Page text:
Karate athletes compete for gold

Taj Patel performs a swords kata Saturday during the Battle of Lenoir City karate tournament at the War Memorial Building.

More than 300 karate athletes from the Southeast descended Saturday on Lenoir City's War Memorial Building to compete in the third annual Battle for Lenoir City.

The tournament was hosted by the Lenoir City Isshinryu Academy and serves as the organization's primary annual fundraiser.

"We do it for free and we're a nonprofit," B.J. Frye, LCIA director, said. "I don't pay anything out of my pocket. Every dime that comes out of here, it all goes to us. I've been here for three years and I drive 50 miles every Saturday to get here, but it's all about the kids. At the end of the day, it's worth it. If I can do something good for kids, that's what it's all about. You can see the turnout here and it's a good thing."

The tournament featured grandmaster and United States Isshinryu Karate Association founder Phil Little of Anderson, S.C.

Little has been involved in karate for 45 years and became an instructor in 1974.

"I'm a 10th-degree black belt and I've been teaching B.J. since he was a little kid," Little said. "It's an open tournament and different styles are welcome here. It's not just an Isshinryu tournament. It's been a wonderful event and we have a wonderful representation from black belts that have been training a long time for this."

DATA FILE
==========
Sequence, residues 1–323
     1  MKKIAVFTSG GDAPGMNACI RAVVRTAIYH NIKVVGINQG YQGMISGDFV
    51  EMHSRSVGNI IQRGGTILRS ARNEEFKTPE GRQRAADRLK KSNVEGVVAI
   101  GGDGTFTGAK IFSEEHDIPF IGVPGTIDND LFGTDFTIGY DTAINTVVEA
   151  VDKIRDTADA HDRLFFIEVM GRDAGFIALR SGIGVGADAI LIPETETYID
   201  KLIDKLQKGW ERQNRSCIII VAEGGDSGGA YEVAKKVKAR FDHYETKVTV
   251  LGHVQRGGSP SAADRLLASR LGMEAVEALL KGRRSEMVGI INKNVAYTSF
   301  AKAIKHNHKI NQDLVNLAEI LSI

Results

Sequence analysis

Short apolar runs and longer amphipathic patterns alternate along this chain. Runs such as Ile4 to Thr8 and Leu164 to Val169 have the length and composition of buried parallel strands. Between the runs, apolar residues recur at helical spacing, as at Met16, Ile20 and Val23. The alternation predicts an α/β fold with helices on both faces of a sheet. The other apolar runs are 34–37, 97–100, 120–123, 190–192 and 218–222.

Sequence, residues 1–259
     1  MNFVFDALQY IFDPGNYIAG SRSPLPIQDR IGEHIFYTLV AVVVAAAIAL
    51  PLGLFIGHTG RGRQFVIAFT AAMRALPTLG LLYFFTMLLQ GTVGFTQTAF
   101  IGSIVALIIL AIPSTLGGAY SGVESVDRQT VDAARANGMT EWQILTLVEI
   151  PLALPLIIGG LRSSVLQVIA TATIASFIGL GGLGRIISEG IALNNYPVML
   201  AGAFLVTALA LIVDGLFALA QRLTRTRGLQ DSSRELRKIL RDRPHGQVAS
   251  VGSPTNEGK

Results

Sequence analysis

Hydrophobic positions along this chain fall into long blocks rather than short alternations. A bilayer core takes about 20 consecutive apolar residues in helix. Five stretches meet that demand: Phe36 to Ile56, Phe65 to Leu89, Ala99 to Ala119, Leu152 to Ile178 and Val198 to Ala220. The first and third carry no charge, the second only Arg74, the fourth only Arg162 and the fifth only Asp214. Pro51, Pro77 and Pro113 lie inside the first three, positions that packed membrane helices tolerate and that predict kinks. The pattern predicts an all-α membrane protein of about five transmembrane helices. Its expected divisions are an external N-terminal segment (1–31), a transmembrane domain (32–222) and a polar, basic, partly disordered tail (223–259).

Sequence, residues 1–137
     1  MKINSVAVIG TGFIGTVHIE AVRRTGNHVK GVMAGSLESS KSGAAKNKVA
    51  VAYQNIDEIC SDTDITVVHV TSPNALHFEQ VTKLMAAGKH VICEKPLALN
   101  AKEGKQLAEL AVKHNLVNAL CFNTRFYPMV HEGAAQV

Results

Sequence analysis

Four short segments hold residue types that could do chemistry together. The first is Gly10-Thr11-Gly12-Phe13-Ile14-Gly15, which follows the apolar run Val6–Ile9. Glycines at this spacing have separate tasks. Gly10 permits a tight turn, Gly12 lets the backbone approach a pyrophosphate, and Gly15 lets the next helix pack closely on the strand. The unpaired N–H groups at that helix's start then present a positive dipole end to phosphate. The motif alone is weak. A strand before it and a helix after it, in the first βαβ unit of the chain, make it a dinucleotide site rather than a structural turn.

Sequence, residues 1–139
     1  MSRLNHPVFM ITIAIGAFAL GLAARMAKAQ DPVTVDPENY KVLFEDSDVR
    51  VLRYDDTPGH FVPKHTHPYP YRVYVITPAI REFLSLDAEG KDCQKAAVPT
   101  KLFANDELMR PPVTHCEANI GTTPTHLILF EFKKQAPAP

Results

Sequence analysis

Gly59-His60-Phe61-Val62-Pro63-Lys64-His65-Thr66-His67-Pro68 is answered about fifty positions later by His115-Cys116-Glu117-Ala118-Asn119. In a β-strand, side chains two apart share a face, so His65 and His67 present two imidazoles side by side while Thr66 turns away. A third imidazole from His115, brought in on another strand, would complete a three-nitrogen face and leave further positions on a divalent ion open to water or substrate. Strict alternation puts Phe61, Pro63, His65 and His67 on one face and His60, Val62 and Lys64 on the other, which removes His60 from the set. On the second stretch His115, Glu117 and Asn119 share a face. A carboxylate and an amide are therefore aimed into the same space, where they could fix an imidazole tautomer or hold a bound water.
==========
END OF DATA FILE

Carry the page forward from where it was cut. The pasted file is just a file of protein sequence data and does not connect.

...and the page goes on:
Different styles presented included Isshinryu, Kung Fu, Taekwondo and Shoinryu.

"You'll have four different countries of origin of all the styles that make this tournament up," Little said. "This is our third year and Lenoir City has been a great, welcoming city for us. It's been really good every year."

Taj Patel traveled from Andalusia, Ala., to participate Saturday on his way to Nashville for the Scripps National Spelling Bee.

He came away with first place in the swords kata event.

"I've been doing karate for nine years," Patel said. "At first, I wanted to be Superman and I thought karate would help me be Superman, but now, it's really helped me grow as an individual. I'm a second-degree black belt and got it two years ago. If things go well, I'll get my third-degree next year. It really is a tough journey and you have to overcome a lot of things. It really is a hard thing. We saw they were having this tournament, so we thought we could fit it in."

A large segment of the participants were LCIA students, which gives Frye hope for the future of karate in Loudon County.

"I have 58 students," he said. "I do Isshinryu and MMA. I also do ground fighting. If you can get on the ground, I'll do that, too. Karate is not very big around here, but if I didn't have karate in my life, I would just give up. I love it and I love teaching kids. We're going to have this tournament every year and I hope next year this place is too small for our tournament."

Lenoir City Isshinryu Academy is a nonprofit school that teaches self-defense, sparring and karate techniques to students for free.

Classes are held Friday nights and Saturday mornings at the Loudon County Technology Center.

For more information, visit the Lenoir City Isshinryu Academy Facebook page or email IsshinryuAcademyofLC@gmail.com.